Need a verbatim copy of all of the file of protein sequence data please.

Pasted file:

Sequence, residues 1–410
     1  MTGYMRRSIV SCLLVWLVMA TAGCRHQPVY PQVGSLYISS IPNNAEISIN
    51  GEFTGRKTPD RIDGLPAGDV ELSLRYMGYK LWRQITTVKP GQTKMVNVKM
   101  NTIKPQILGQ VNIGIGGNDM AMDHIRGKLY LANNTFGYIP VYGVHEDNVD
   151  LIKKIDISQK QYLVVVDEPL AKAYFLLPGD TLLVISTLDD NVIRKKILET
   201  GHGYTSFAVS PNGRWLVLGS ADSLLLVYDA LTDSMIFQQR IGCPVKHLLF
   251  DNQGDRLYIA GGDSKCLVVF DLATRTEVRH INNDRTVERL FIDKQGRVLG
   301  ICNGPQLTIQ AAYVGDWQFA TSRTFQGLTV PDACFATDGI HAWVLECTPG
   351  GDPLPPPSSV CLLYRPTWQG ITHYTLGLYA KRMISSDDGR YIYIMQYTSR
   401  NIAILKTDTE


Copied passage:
Sequence, residues 1–410
     1  MTGYMRRSIV SCLLVWLVMA TAGCRHQPVY PQVGSLYISS IPNNAEISIN
    51  GEFTGRKTPD RIDGLPAGDV ELSLRYMGYK LWRQITTVKP GQTKMVNVKM
   101  NTIKPQILGQ VNIGIGGNDM AMDHIRGKLY LANNTFGYIP VYGVHEDNVD
   151  LIKKIDISQK QYLVVVDEPL AKAYFLLPGD TLLVISTLDD NVIRKKILET
   201  GHGYTSFAVS PNGRWLVLGS ADSLLLVYDA LTDSMIFQQR IGCPVKHLLF
   251  DNQGDRLYIA GGDSKCLVVF DLATRTEVRH INNDRTVERL FIDKQGRVLG
   301  ICNGPQLTIQ AAYVGDWQFA TSRTFQGLTV PDACFATDGI HAWVLECTPG
   351  GDPLPPPSSV CLLYRPTWQG ITHYTLGLYA KRMISSDDGR YIYIMQYTSR
   401  NIAILKTDTE